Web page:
But now comes the main clause. All classes of people shall take these legal tender notes at par for every article of trade or contract, unless they have money enough to buy United States bonds, and then they shall be paid in gold. Who is that favored class ? The banks and brokers, and nobody else. They have already $250,000,000 of State debt, and their commissioners would soon take all the rest that might be issued.
But how is this gold to be raised ? The duties and public lands are to be paid for in United States notes, and they or bonds are to be put up at auction to get coin for these very brokers, who would furnish the coin to pay themselves, by getting twenty per cent. discount on the notes thus bought.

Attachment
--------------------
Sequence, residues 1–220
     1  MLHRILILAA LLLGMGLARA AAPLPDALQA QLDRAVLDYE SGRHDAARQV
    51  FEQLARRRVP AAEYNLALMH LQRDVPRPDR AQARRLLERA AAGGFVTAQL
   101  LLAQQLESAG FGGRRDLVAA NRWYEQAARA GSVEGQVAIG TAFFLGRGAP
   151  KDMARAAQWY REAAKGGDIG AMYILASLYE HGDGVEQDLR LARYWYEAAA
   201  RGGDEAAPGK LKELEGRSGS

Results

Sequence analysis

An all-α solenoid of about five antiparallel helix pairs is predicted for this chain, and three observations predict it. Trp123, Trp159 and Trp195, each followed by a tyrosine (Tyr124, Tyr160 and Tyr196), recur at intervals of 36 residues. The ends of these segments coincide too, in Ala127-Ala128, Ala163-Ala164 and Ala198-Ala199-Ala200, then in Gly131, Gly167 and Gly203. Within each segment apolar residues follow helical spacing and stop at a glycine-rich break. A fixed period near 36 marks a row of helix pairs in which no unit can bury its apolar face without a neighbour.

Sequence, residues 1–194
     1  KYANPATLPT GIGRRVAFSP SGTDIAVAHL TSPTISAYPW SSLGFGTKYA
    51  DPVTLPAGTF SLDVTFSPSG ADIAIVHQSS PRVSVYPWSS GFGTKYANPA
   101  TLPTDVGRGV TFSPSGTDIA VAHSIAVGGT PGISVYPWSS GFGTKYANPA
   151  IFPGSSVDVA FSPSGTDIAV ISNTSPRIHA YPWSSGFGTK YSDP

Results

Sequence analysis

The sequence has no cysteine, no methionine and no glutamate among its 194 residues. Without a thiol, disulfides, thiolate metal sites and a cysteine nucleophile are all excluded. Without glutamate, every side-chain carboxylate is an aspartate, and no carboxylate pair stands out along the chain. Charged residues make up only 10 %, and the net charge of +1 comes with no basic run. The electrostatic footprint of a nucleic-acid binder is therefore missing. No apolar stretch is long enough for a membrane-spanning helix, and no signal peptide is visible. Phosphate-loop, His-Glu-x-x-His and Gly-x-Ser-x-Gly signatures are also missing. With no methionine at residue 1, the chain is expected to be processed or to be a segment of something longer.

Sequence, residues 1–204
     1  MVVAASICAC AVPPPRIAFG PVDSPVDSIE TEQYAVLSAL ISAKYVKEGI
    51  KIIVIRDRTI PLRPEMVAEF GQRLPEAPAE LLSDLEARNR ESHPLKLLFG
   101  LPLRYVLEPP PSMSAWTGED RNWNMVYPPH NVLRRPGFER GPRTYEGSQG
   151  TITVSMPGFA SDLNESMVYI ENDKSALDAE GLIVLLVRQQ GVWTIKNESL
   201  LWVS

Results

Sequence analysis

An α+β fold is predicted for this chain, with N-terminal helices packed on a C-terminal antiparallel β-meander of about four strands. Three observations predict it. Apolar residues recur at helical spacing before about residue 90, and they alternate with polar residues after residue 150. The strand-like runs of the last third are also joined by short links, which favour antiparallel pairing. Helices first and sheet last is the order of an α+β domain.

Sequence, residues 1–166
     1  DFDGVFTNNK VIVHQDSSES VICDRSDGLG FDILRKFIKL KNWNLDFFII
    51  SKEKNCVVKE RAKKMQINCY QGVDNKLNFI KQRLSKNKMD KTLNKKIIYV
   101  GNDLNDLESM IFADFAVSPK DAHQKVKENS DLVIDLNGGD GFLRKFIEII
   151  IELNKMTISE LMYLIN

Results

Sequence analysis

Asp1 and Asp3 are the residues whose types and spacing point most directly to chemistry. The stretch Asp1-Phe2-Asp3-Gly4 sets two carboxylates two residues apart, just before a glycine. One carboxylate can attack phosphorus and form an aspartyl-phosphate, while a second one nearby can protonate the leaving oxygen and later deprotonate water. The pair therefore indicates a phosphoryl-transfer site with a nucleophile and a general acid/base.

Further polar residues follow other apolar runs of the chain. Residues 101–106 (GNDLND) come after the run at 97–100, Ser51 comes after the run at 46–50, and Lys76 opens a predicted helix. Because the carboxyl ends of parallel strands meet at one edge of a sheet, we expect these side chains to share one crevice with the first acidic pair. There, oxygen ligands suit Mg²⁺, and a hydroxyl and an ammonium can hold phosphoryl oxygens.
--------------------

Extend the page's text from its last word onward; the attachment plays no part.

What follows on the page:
I have proposed an amendment to the Senate amendment upon the principle of legitimate parliamentary rules, that you may make as palatable as you can an amendment which you do not like, before the vote is taken upon it. My amendment is offered for the purpose of curing a little the evils and hardships of the original amendment of the Senate. And though it may be adopted, I shall vote against the whole as amended. My amendment is to except from the operation of the legal tender clause the officers and soldiers of the army and navy, and those who supply them with provisions, and thus put them upon the same footing with the Government creditors who hold their bonds. I hope they will not be thought less meritorious than the money-changers. I trust it will be adopted as an amendment to the Senate amendment, so that if this pernicious system is to be adopted, if the beauty of the original bill is to be entirely impaired, those who are fighting our battles, and the widows and children of those who are lying in their graves in every part of the country, killed in defense of the Government, may be placed upon no worse footing than those who hold the bonds of the Government and the coin of the country.”